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Comcast caught throttling BitTorrent traffic

updated 03:40 pm EDT, Fri October 19, 2007

Comcast BitTorrent Shaping

Comcast has been deliberately slowing down traffic for customers using file sharing apps on its network, the Associated Press confirmed today. Beginning an investigation after speaking with a Broadband Reports user who discovered the practice shortly after Comcast began testing the platform in August, the journalist group has learned that Comcast is using technology from Sandvine that interjects itself between users running specific peer-to-peer software, including BitTorrent clients as well as programs accessing the Gnutella file sharing network. The Sandvine software can detect when complete files are being traded and breaks the connection between peers, forcing a downloading user to look for an alternative.

The service does not completely eliminate such traffic but is enough to substantially hinder download speeds on a standard connection; users can partially avoid the issue by encrypting the data packets to prevent a Sandvine scan but are rarely able to regain full speed for those files, according to the report. Comcast has officially denied implementing any performance-altering software beyond optimizations but has been unable to account for the contradictory results.

"Comcast does not block access to any applications, including BitTorrent," said spokesman Charlie Douglas.

The discovery marks the first known activity of its kind by a major Internet provider in the US. Canadian provider Rogers is known to use a similar approach to its own network but is not believed to have throttled connections for every user or for more than BitTorrent access.

Comcast's behavior has already renewed a call for legislation to enforce net neutrality, a concept which holds that network operators cannot deliberately slow down or favor certain kinds of non-malicious Internet traffic. Google and other Internet-dependent companies have warned that allowing Comcast and other telecommunications firms to throttle or block access would artificially segregate the Internet, allowing carriers to abuse their positions by blocking access to competitors or charging extra for features that would otherwise be free.

"In the past, when people got an ISP connection, they were [just] getting a connection to the Internet," said Google security engineer Paul Watson. "The only determination was price and bandwidth. Now they're going to have to make much more complicated decisions such as price, bandwidth, and what services I can get over the Internet."



By Electronista Staff
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  1. Flying Meat

    Dedicated MacNNer

    Joined: Jan 2007

    0

    Boooooooo

    BitTorrent has other uses than piracy. OpenOffice.org downloads can be had through the service, and that is legal software. That download info is just from "my" general knowledge sphere of operation.

    I'm sure there are other legitimate BitTorrent accessible downloads that are being crushed by the hobnail boots of Comcast. Guess I'll have to look at switching service providers again. That would also make me want to switch away from all of my existing Comcast services, So they'd loose a chunk of change. (sigh)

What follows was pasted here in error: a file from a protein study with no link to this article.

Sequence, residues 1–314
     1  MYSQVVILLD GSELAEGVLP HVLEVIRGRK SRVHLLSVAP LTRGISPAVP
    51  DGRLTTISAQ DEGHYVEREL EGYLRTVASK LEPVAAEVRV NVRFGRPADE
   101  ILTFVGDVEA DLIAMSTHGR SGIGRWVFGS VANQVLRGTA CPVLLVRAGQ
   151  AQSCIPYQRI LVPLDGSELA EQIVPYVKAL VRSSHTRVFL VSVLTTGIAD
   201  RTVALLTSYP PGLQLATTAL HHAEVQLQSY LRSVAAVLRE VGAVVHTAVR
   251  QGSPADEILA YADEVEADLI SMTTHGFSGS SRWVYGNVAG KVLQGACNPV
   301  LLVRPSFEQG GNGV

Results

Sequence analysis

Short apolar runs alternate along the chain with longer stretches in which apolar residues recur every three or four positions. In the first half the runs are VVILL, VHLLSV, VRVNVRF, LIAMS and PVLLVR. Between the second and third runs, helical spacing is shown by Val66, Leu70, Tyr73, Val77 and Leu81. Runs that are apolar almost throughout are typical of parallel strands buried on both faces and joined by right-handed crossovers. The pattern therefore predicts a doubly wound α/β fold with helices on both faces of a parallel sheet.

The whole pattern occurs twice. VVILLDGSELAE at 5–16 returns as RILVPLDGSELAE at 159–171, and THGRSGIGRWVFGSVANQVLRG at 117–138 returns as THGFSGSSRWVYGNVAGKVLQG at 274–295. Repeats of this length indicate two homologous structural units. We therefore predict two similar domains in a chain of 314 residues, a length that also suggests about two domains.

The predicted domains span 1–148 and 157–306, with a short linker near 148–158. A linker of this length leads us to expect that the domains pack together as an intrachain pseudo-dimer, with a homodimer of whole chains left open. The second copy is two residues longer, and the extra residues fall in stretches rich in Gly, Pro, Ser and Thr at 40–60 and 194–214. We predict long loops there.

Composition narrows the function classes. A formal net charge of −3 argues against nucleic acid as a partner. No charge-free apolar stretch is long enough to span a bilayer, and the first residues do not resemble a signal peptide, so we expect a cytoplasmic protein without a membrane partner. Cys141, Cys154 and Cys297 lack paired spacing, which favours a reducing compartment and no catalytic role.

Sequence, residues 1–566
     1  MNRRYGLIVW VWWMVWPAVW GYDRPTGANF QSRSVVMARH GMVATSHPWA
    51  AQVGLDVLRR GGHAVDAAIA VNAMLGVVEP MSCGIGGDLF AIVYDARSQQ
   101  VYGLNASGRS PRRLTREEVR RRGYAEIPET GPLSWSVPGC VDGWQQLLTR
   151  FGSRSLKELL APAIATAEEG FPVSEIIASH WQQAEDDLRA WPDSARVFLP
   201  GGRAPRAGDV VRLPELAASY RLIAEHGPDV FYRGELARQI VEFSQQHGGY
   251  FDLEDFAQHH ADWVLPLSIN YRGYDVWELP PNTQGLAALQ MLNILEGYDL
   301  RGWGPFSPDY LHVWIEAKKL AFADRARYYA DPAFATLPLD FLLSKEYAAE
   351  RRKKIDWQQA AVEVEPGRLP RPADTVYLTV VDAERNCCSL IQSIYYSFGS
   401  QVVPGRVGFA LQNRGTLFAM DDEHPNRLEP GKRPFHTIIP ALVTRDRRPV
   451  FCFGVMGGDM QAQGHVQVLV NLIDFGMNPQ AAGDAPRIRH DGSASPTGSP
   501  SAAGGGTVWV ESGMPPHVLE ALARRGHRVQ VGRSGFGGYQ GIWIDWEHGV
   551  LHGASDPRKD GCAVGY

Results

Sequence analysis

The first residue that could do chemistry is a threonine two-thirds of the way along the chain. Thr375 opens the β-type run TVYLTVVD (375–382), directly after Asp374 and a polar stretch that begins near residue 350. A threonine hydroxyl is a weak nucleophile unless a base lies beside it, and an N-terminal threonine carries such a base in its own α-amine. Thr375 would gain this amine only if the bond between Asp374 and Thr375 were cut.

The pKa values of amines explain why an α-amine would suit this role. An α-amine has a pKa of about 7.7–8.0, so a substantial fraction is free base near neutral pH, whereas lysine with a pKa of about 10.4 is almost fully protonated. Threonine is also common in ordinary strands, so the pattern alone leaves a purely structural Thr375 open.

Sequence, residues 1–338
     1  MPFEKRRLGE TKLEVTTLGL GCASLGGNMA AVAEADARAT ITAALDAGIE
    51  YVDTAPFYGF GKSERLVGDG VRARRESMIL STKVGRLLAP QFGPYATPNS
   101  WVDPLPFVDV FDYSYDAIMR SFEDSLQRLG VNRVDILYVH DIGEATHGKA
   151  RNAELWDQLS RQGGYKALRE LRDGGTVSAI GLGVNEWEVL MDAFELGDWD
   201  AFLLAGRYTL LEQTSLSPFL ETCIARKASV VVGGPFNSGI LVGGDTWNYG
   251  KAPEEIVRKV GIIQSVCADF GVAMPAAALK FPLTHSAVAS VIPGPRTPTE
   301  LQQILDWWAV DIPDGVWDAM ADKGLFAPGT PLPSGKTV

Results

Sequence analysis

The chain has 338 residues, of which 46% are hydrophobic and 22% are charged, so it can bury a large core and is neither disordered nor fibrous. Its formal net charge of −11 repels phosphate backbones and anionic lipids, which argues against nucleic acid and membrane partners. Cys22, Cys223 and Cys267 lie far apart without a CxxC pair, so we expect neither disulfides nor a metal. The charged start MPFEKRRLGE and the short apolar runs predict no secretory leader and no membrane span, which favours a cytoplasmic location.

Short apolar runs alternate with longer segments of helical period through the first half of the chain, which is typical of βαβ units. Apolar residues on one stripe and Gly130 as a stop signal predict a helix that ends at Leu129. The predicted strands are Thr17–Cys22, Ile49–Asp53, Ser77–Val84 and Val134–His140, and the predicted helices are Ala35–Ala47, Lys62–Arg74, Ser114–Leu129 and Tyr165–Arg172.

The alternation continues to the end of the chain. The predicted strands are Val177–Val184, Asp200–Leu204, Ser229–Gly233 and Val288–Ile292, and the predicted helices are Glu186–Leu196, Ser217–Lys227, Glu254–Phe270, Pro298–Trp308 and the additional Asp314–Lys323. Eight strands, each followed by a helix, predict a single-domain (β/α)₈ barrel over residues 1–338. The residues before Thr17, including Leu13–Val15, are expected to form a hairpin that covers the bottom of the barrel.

Satelite service? Astound? Who's got the p***?

    (no. I will not switch to AT&T.)

  1. birdman

    Forum Regular

    Joined: Jan 2000

    0

    birdman

    Eight or so years ago when I was in college, when Napster and Gnutella were still new and going strong, the university used packet sniffers to slow p2p traffic. Eventually Napster was blocked entirely. The off-campus students used to enjoy full-speed access, but now in 2007 I guess that's the end of that gravy train, thanks to Comcast.

  1. boazh

    Fresh-Faced Recruit

    Joined: Jul 2004

    0

    No wonder

    I'm a Comcast customer and don't use torrent apps very often, but when I do, my Internet connection crawls down to almost a halt. Several times my router will stop functioning and I had to reset it. I hate comcast I wish someone will sue their a**...

  1. testudo

    Forum Regular

    Joined: Aug 2001

    0

    Good for us

    I actually have no problem with this. Why should a majority of users be subjected to slower speeds because one or two people are using specific applications?

    BitTorrent has other uses than piracy.

    Of course it does. But this doesn't have anything to do with piracy. Its with the software. What makes bittorrent so good is its ability to suck up a ton of bandwidth. And while that might be great for the bittorrent users, it isn't necessarily great for others on the same network.

    BTW, to be honest, I find Comcast to be one of the scummiest, greediest, inept companies out there.

    What's really amazing is that someone actually thought that this might be comcast doing this intentionally, and not just their normal 'comcastic' service.

  1. ClevelandAdv

    Fresh-Faced Recruit

    Joined: Jul 2004

    0

    Slow torrents

    I have tried to use BitTorrent for open source software downloads, and other legal reasons. And had to stop using it as it would crawl or stop every time. I am guessing that Comcast it not the only ISP doing this.

  1. bammi

    Fresh-Faced Recruit

    Joined: Jul 2006

    0

    testudo please check your

    testudo, please read up a little on bittorrent

    "What makes bittorrent so good is its ability to suck up a ton of bandwidth. And while that might be great for the bittorrent users, it isn't necessarily great for others on the same network. "

    Is patently false and an uneducated statement.

  1. wings_rfs

    Fresh-Faced Recruit

    Joined: Dec 2002

    0

    Newsgroups too

    It's not just p2p. I don't know about Comcast, but Roadrunner will throttle you way way back if it sees you're using a port common for newsgroups. Change your port to, say, 80 (http) and you're back to 100%.